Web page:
Affleck reaffirms his directing skills with his new film The Town

Don’t by fooled by all the noise and commotion of The Town’s impressive and dynamic opening heist sequence. This film isn’t really a heist movie. The dirty work is entertaining, but The Town is more than that.

The romance between Boston bank robber Doug MacRay (Ben Affleck) and Claire Keesey (Rebecca Hall) is heart-warming — maybe even to the point of cliché — but again, The Town is more than that.

Is it a police procedural? It’s more than that, too.

Photo courtesy of Warner Bros.

The Town attempts to be many genres at once. In certain ways, the film comes close to failure, at times wallowing down in predictable conflicts and unsteady dialogue. But at the end of its 125 minutes, The Town walks away a success because of its honesty of spirit and a message that is greater than the sum of its parts.

wThe Town follows MacRay along with James Coughlin (Jeremy Renner) and the rest of their crew as they take on the banks and armored vehicles of Charlestown, Mass. The film begins as the group decides to rob a Cambridge Bank branch, but things go slightly awry when bank manager Keesey successfully flips the silent alarm. Coughlin angrily takes her hostage, but the team frees her after they escape.

Ironically, this incident leads to MacRay’s and Keesey’s meeting, when MacRay goes to confront Keesey about not speaking to law enforcement. In time, Keesey inspires MacRay to want out of the criminal lifestyle fueled by life in Charlestown, which happens to be the unofficial bank robbery capital of the United States.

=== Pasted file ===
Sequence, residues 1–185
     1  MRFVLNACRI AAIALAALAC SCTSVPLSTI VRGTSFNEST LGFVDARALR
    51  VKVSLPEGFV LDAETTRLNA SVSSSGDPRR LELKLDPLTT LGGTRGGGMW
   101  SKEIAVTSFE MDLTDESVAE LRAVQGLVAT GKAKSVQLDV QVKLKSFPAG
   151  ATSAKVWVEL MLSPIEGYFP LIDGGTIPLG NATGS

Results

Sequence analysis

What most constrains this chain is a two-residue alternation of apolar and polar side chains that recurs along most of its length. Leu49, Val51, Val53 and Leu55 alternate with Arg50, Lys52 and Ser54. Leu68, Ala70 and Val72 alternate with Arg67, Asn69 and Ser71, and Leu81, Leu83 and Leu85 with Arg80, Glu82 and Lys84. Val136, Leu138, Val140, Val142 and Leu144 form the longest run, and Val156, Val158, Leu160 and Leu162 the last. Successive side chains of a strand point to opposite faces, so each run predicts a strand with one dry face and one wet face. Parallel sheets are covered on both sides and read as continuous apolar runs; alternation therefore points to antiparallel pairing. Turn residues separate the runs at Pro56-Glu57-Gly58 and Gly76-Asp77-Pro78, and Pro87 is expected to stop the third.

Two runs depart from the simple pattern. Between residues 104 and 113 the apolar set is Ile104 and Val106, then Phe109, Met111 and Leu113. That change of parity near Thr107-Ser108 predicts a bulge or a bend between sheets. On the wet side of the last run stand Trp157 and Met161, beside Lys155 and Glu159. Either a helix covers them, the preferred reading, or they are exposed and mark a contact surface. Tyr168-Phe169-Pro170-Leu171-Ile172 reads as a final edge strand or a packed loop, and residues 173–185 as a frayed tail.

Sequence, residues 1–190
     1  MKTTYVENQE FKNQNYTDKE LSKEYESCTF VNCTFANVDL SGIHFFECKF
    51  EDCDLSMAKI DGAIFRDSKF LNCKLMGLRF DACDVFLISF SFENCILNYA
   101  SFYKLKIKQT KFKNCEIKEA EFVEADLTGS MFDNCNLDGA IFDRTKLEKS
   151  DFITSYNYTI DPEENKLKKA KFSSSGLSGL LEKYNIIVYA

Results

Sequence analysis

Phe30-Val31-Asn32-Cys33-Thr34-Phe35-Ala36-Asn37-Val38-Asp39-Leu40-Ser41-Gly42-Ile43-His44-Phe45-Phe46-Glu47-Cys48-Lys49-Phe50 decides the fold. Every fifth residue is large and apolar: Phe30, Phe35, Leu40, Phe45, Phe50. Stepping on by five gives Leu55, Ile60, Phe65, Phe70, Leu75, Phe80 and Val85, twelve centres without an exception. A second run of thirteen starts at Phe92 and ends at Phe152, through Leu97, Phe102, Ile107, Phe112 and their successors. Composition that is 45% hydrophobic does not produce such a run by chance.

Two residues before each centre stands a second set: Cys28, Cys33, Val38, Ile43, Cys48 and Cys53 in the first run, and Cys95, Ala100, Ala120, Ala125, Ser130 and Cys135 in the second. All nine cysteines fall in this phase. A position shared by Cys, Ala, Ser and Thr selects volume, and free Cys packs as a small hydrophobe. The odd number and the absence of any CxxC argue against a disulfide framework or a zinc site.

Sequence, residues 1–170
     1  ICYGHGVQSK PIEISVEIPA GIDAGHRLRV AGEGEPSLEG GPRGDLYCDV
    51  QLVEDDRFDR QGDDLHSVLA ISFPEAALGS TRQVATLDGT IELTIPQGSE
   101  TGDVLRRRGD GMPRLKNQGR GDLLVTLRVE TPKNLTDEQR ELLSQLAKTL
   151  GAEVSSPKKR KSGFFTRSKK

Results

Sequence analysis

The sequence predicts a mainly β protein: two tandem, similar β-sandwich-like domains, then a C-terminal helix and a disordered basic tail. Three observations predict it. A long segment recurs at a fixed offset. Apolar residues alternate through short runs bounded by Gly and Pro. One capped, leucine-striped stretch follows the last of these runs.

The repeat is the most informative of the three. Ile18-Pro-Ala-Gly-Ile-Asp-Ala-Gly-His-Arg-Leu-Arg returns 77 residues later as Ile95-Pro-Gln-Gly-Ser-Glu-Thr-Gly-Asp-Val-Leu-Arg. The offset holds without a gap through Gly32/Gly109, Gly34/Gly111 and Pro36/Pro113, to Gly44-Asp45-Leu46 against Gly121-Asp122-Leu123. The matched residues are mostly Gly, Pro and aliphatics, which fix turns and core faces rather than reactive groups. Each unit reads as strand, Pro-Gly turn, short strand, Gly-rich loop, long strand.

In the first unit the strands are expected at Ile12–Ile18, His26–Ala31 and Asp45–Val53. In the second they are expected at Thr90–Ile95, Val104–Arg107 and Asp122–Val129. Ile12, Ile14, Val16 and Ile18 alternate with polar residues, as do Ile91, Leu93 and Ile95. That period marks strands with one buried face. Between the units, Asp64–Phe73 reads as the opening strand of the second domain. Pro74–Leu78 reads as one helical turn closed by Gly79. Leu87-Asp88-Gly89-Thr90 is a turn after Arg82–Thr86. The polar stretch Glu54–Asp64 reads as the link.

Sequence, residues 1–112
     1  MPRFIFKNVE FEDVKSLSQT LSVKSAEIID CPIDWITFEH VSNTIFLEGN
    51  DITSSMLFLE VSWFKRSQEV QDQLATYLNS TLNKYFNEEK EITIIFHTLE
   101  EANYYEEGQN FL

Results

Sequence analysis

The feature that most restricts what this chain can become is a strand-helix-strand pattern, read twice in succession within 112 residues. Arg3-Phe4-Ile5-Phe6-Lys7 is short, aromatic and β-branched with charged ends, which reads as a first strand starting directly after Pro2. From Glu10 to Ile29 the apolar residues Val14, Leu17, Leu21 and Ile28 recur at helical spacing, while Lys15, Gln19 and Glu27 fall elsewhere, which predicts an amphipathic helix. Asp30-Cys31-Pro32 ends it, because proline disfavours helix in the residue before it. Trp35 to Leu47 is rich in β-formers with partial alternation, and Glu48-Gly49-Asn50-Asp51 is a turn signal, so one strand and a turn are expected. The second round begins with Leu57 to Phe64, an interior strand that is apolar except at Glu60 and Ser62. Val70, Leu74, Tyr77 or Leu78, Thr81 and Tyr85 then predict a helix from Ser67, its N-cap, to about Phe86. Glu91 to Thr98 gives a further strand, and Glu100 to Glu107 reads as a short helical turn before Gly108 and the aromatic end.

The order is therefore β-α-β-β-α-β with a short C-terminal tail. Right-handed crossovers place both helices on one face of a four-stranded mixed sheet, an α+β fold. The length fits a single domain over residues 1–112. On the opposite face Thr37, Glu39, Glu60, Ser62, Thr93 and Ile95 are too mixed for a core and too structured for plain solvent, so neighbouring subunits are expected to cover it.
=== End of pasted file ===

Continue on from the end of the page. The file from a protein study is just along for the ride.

No one, including Coughlin (MacRay’s unofficial “brother”) seems to support MacRay’s decision to leave Charlestown. His boss Fergus Colm (Peter Postlethwaite) threatens him, and the last thing FBI special agent Adam Frawley (Jon Hamm) wants is for MacRay to skip away to happier, peaceful days.

This is the set-up for the film that eventually leads up to the classic (but overdone) “one last job” scenario, where there is, as the name suggests, just one last heist before the main character can get out of the game for good. If The Town had followed this template, the movie would have been destined to live out its days in a crowded Blockbuster action rack.

But it is not simply another mediocre heist flick, largely because of  Ben Affleck’s solid directing. It’s fair to say that with his recent accomplishments, Gigli and the J-Lo days should be erased from the history books. The Town solidifies the fact that Affleck’s previous work, Gone Baby Gone, was by no means a fluke.

To top it off, Affleck depicts Charlestown in all its dysfunctional, blue-collar glory, crafting a sense of setting that blankets the film in a palpable authenticity.

Delivering smart dialogue is a cast that deserves much praise. Renner is particularly intriguing as the arrogant, loose cannon Coughlin, whose unpredictable relationship with Doug MacRay keeps the viewers on their heels.

But the film isn’t perfect. Some corny moments, such as the relationship between MacRay and Keesey, seem to be conventional methods of resolution. The strong writing is also marred by long monologues that don’t make sense when the character issues revealed in them are not truly addressed as the film progresses.

Are these flaws deal-breakers when it comes to appreciating The Town as a whole? Probably not. Such flaws, however, serve as great contrasts to all that the film gets right, which is plenty. In the end, The Town succeeds by blending various genres  to create a film that has a clear position on development and morality without beating a message over viewers’ heads.